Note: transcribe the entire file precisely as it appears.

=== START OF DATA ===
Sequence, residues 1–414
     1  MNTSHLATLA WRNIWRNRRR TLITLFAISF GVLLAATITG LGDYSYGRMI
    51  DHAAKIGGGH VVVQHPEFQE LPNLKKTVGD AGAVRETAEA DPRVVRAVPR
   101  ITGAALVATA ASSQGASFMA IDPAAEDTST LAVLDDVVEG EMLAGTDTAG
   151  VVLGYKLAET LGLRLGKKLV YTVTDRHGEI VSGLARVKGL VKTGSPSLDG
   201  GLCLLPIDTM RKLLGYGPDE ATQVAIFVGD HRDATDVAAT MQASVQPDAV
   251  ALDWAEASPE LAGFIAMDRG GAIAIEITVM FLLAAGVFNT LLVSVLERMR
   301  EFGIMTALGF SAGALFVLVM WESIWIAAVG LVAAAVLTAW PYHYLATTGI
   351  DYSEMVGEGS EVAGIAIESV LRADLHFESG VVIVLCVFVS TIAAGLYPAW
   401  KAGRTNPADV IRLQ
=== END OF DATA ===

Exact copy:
Sequence, residues 1–414
     1  MNTSHLATLA WRNIWRNRRR TLITLFAISF GVLLAATITG LGDYSYGRMI
    51  DHAAKIGGGH VVVQHPEFQE LPNLKKTVGD AGAVRETAEA DPRVVRAVPR
   101  ITGAALVATA ASSQGASFMA IDPAAEDTST LAVLDDVVEG EMLAGTDTAG
   151  VVLGYKLAET LGLRLGKKLV YTVTDRHGEI VSGLARVKGL VKTGSPSLDG
   201  GLCLLPIDTM RKLLGYGPDE ATQVAIFVGD HRDATDVAAT MQASVQPDAV
   251  ALDWAEASPE LAGFIAMDRG GAIAIEITVM FLLAAGVFNT LLVSVLERMR
   301  EFGIMTALGF SAGALFVLVM WESIWIAAVG LVAAAVLTAW PYHYLATTGI
   351  DYSEMVGEGS EVAGIAIESV LRADLHFESG VVIVLCVFVS TIAAGLYPAW
   401  KAGRTNPADV IRLQ